WIPO Arbitration and Mediation Center
ADMINISTRATIVE PANEL DECISION
Sportsman’s Warehouse, Inc. v. Fundacion Private Whois / PPA Media Services
Case No. D2012-1284
1. The Parties
The Complainant is Sportsman’s Warehouse, Inc of Utah, United States of America, represented by Lindquist & Vennum, PLLP, United States of America.
The Respondent is Fundacion Private Whois of Panama / PPA Media Services of Santiago, Chile.
2. The Domain Name and Registrar
The disputed domain name <sportsmenwarehouse.com> (the “Domain Name”) is registered with Internet.bs Corp. (the “Registrar”).
3. Procedural History
The Complaint was filed with the WIPO Arbitration and Mediation Center (the “Center”) on June 22, 2012. On June 25, 2012, the Center transmitted by email to the Registrar a request for registrar verification in connection with the Domain Name. On June 29, 2012, the Registrar transmitted by email to the Center its verification response disclosing registrant and contact information for the Domain Name which differed from the named Respondent and contact information in the Complaint. The Center sent an email communication to the Complainant on June 29, 2012 providing the registrant and contact information disclosed by the Registrar, and inviting the Complainant to submit an amendment to the Complaint. The Complainant filed an amendment to the Complaint on June 29, 2012.
The Center verified that the Complaint together with the amendment to the Complaint satisfied the formal requirements of the Uniform Domain Name Dispute Resolution Policy (the “Policy” or “UDRP”), the Rules for Uniform Domain Name Dispute Resolution Policy (the “Rules”), and the WIPO Supplemental Rules for Uniform Domain Name Dispute Resolution Policy (the “Supplemental Rules”).
In accordance with the Rules, paragraphs 2(a) and 4(a), the Center formally notified the Respondent of the Complaint, and the proceedings commenced on July 3, 2012. In accordance with the Rules, paragraph 5(a), the due date for Response was July 23, 2012. The Respondent did not submit any response. Accordingly, the Center notified the Respondent’s default on July 24, 2012.
The Center appointed David Stone as the sole panelist in this matter on August 2, 2012. The Panel finds that it was properly constituted. The Panel has submitted the Statement of Acceptance and Declaration of Impartiality and Independence, as required by the Center to ensure compliance with the Rules, paragraph 7.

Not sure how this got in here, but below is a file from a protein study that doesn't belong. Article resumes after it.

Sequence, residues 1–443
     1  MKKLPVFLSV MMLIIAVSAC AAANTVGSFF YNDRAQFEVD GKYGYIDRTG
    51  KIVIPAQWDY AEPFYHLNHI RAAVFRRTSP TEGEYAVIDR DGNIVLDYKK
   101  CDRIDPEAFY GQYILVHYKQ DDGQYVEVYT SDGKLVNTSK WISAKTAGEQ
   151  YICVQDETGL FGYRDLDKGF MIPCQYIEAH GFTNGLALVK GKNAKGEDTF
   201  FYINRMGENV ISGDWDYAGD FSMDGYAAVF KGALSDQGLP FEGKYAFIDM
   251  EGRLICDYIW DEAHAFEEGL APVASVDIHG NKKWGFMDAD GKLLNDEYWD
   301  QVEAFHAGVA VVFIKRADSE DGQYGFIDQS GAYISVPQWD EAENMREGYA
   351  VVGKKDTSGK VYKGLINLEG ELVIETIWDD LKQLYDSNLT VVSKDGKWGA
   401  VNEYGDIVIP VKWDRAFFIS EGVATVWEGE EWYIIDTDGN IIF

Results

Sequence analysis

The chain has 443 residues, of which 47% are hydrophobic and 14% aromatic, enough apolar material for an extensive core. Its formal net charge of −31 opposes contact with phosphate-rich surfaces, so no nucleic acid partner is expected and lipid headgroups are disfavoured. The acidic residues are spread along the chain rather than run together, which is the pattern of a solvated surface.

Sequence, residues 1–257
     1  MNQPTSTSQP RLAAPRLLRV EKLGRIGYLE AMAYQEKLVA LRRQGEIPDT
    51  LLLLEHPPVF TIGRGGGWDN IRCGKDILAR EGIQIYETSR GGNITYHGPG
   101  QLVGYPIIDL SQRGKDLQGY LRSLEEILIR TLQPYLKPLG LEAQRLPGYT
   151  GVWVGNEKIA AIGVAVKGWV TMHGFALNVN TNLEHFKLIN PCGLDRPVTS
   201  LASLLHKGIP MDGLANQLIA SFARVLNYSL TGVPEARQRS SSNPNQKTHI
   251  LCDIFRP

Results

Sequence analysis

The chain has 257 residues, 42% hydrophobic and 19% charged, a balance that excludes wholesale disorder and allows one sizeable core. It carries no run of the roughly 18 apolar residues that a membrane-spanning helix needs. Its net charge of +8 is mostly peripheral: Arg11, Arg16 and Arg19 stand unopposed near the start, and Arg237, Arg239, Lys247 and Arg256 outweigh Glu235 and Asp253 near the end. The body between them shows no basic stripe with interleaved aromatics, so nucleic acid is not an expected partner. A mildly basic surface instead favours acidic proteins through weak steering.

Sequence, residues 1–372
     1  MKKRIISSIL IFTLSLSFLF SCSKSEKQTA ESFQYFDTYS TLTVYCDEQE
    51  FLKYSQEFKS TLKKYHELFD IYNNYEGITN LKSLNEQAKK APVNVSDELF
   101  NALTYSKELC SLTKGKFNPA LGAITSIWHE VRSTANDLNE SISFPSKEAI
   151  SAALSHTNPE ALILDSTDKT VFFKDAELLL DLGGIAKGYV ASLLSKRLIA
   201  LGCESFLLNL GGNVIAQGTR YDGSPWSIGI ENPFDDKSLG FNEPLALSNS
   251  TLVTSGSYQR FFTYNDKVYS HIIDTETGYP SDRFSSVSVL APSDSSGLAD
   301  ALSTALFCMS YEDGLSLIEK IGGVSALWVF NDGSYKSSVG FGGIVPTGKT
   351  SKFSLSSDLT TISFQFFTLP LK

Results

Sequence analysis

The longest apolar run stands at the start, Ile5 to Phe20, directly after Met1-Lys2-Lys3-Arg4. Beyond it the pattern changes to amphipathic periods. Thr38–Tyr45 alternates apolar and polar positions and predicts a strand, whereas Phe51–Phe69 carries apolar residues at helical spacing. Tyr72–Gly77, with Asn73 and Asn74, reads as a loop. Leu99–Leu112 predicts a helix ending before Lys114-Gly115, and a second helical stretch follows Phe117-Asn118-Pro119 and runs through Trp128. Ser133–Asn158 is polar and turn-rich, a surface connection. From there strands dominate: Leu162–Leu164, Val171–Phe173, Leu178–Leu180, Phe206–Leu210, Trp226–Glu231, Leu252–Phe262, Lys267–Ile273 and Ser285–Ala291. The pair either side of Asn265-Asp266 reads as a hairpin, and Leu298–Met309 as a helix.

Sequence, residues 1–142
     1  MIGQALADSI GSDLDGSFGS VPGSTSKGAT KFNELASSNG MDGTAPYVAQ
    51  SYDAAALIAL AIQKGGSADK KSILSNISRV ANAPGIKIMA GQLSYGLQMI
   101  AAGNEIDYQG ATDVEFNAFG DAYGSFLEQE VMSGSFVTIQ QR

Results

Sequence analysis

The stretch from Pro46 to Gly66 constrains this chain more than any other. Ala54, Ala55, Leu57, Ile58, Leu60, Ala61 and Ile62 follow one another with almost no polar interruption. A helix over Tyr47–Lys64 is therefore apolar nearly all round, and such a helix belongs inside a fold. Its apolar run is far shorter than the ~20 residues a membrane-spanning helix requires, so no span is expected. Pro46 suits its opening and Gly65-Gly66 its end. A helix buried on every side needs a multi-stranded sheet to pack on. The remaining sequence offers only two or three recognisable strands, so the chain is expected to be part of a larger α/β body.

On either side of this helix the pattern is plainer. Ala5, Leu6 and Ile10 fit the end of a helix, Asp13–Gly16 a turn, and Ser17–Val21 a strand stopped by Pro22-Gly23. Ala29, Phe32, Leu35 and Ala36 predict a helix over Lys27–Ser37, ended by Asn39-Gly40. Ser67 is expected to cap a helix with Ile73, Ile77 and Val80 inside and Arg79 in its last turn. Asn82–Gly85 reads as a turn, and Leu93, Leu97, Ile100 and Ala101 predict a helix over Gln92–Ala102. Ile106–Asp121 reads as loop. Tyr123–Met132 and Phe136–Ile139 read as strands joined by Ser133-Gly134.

4. Factual Background
The Complainant owns and operates retail outdoor goods stores across the US. Its stores turnover approximately USD 290 million of sales annually. The Complainant has used the mark SPORTSMAN’S WAREHOUSE since 1994 and owns 11 US federal and state registrations for SPORTSMAN’S WAREHOUSE and SPORTSMAN’S WAREHOUSE-formative trademarks.
The Complainant has owned the domain name <sportsmanswarehouse.com> since December 21,1999 and has operated its website located at “www.sportsmanswarehouse.com” since that date.
The Respondent registered the Domain Name <sportsmenswarehouse.com> on July 25, 2003. At the date of the Complaint the Respondent was operating a website at “www.sportsmenswarehouse” displaying links to websites of third party vendors of outdoor clothing and equipment.
The Complainant sent a cease and desist letter to the Respondent via e-mail and certified US mail through the address provided by the Registrar on April 17, 2012 and received no response.
5. Parties’ Contentions
The Complainant claims that it has rights in the SPORTSMAN’S WAREHOUSE trademark as a result of its registered trademarks and/or through extensive use.
The Complainant claims that the Domain Name is confusingly similar to the SPORTSMAN’S WAREHOUSE trademark because the Domain Name <sportsmenswarehouse.com> is a single-letter misspelling of the Complainant’s trademark with the exchange of a single letter “a” for the letter “e” and that the Domain Name is nearly phonetically and visually identical to the Complainant’s trademark. The Complainant states that the Respondent deliberately selected the Domain Name because it is a misspelling of the Complainant’s SPORTSMAN’S WAREHOUSE trademark and this results in the diversion of confused Internet users intending to find the Complainant’s “www.sportsmanswarehouse.com” website.
The Complainant submits that the Respondent has no rights or legitimate interests with respect to the Domain Name. The Complainant states there has been no evidence of the Respondent’s use of, or demonstrable preparations to use, the Domain Name in connection with a bona fide offering of goods or services. The Complainant submits that there is no evidence that the Respondent is commonly known by the Domain Name, nor has the Respondent used or acquired trademark rights in the trademark SPORTSMAN’S WAREHOUSE or SPORTSMAN WAREHOUSE prior to its registration of the confusingly similar Domain Name <sportsmenswarehouse.com>. Finally the Complainant submits that no evidence exists that the Respondent is making legitimate, noncommercial or fair use of the Domain Name but, to the contrary, it uses the Domain Name to collect advertising revenue by trading upon the Complainant’s good name and trademarks.